Mark: Did you learn anything that maybe surprised you?
Kerry: Oh yeah. I always try to take in the whole situation. The defense really impressed me with the way that they approach EVERY day and the attitude they have towards the game and the respect that they have for it. Just seeing how they all run for the ball and how they approach it 24/7 and yet nobody complains about it. They just go out and do their jobs and their whole goal is just to be the best and to be a great TEAM and to win a championship. That's the single most important thing to them. It's not statistics, it's not notoriety, and all they want is the respect of their teammates and to prove that they are the best. I think that's what I learned most outside of actual football.
Mark: Great stuff, great answer Kerry. I had a chance to talk to Jesse a little bit at camp and we talked a bit about whether or not it helped to have another Canadian at camp and he told me basically that you guys are just good friends. I asked if it made it more difficult with the fact that you were basically vying for the same position and he said that it didn't and that you both knew what you were there to do...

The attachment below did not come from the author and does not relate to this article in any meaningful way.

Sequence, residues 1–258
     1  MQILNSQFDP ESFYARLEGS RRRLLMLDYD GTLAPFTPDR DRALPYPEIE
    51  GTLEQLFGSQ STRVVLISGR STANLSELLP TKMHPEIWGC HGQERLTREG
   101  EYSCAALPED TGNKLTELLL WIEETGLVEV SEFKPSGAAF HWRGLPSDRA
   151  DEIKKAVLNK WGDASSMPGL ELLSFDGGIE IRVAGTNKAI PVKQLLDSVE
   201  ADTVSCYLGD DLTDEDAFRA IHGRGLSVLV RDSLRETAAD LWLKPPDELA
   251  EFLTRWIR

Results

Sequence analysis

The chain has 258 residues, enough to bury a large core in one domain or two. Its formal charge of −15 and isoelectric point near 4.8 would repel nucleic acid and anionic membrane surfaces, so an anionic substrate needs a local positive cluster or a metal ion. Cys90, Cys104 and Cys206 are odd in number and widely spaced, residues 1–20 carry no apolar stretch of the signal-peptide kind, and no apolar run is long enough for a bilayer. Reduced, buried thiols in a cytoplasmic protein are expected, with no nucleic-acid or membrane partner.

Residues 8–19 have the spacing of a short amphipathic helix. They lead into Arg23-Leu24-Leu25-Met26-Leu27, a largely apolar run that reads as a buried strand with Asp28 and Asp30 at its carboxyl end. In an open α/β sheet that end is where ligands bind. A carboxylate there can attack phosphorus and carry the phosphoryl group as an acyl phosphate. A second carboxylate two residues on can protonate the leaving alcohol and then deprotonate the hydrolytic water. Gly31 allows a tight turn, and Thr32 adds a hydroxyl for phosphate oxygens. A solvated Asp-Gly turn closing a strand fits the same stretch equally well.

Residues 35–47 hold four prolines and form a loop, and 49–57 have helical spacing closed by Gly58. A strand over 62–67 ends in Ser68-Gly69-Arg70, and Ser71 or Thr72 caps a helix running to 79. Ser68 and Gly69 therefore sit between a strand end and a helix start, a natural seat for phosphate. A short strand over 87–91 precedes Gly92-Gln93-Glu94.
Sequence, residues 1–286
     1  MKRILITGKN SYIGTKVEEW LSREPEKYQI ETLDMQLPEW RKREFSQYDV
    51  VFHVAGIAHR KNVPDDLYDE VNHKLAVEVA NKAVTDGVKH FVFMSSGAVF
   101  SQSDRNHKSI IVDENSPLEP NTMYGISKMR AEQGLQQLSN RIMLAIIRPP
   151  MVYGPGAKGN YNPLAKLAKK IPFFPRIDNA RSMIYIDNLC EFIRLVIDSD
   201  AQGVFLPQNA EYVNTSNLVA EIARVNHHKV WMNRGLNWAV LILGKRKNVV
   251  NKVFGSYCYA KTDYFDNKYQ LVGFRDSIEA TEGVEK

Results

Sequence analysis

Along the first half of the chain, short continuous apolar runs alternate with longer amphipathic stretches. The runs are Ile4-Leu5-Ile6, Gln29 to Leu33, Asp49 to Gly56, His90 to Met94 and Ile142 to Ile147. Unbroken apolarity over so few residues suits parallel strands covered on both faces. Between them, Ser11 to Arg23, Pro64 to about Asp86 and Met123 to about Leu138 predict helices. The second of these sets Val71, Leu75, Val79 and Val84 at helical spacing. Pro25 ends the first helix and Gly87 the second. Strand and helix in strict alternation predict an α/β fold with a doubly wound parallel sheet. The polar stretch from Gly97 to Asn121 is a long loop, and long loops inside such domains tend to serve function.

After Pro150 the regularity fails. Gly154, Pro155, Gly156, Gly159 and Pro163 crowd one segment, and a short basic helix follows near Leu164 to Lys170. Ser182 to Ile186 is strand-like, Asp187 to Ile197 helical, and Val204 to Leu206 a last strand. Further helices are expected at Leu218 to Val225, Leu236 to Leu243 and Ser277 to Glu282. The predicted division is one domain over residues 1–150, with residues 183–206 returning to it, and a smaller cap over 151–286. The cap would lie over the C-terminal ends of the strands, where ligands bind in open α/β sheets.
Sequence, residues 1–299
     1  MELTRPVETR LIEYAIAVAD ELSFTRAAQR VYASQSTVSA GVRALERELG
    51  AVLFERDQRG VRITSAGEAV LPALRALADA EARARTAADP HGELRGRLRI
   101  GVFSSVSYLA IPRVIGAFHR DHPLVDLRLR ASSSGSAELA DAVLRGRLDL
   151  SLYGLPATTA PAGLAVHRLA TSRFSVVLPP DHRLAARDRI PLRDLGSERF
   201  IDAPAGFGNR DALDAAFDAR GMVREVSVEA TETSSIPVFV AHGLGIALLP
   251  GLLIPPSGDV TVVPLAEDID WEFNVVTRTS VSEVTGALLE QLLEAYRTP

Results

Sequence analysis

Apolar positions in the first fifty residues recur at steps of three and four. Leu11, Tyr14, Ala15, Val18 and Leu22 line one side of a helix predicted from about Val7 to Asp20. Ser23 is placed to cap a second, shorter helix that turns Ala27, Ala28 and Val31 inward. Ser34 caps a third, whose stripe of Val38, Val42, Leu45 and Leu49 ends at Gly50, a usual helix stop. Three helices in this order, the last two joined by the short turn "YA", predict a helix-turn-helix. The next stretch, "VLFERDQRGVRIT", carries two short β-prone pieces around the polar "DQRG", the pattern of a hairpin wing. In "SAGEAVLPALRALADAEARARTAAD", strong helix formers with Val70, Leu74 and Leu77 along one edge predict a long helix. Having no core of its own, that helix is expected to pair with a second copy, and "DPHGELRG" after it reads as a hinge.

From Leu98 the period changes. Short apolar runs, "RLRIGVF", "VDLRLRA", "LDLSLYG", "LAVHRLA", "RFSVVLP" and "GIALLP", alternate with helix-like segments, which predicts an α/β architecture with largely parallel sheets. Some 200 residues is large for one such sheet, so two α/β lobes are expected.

Kerry: Yeah definitely. It has definitely been a good thing. We were roommates while we were training for camp in the off-season, so we became good friends and even though you know that you're competing, you want to see the other guy do well because you know where they come from and how much work they put in. Both being Canadian was a big plus in my eyes because you've got someone you can relate to on that level and I'll definitely pull for him and I definitely want him to be successful. I've told him to just keep doing what he's doing because they like him a lot around here and that's because he's a good back, and he's coachable and he's improving every day. If he keeps that attitude, he's going to be fine and he's going to have a great career.
Mark: You and Jesse are obviously in the minority as Canadians at an NFL camp but there are more and more Canadians succeeding in the NFL all the time. Do you have any advice for young Canadians that want to follow in your footsteps with regards to planning their actual route to get there, because you and Jesse both got there via two totally different methods...